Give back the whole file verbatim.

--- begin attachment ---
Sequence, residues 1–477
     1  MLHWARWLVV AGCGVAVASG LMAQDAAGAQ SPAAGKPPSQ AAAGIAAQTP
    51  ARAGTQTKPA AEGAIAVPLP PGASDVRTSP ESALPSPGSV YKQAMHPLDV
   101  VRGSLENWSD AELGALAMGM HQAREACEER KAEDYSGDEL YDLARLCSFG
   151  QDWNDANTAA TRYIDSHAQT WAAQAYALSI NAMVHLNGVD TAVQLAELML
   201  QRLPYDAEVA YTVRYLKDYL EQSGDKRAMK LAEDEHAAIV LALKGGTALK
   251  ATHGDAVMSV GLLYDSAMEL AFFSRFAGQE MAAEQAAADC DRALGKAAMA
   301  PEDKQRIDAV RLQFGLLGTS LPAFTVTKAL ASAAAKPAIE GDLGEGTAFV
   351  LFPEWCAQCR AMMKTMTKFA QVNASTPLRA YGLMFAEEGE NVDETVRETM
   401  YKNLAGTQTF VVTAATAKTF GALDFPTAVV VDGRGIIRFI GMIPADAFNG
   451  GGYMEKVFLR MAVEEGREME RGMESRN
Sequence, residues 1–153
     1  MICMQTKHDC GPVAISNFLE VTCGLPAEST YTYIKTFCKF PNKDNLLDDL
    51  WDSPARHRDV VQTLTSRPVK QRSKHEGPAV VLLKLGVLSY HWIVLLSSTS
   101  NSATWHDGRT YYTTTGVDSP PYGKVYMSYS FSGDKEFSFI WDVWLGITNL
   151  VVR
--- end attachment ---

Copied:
Sequence, residues 1–477
     1  MLHWARWLVV AGCGVAVASG LMAQDAAGAQ SPAAGKPPSQ AAAGIAAQTP
    51  ARAGTQTKPA AEGAIAVPLP PGASDVRTSP ESALPSPGSV YKQAMHPLDV
   101  VRGSLENWSD AELGALAMGM HQAREACEER KAEDYSGDEL YDLARLCSFG
   151  QDWNDANTAA TRYIDSHAQT WAAQAYALSI NAMVHLNGVD TAVQLAELML
   201  QRLPYDAEVA YTVRYLKDYL EQSGDKRAMK LAEDEHAAIV LALKGGTALK
   251  ATHGDAVMSV GLLYDSAMEL AFFSRFAGQE MAAEQAAADC DRALGKAAMA
   301  PEDKQRIDAV RLQFGLLGTS LPAFTVTKAL ASAAAKPAIE GDLGEGTAFV
   351  LFPEWCAQCR AMMKTMTKFA QVNASTPLRA YGLMFAEEGE NVDETVRETM
   401  YKNLAGTQTF VVTAATAKTF GALDFPTAVV VDGRGIIRFI GMIPADAFNG
   451  GGYMEKVFLR MAVEEGREME RGMESRN
Sequence, residues 1–153
     1  MICMQTKHDC GPVAISNFLE VTCGLPAEST YTYIKTFCKF PNKDNLLDDL
    51  WDSPARHRDV VQTLTSRPVK QRSKHEGPAV VLLKLGVLSY HWIVLLSSTS
   101  NSATWHDGRT YYTTTGVDSP PYGKVYMSYS FSGDKEFSFI WDVWLGITNL
   151  VVR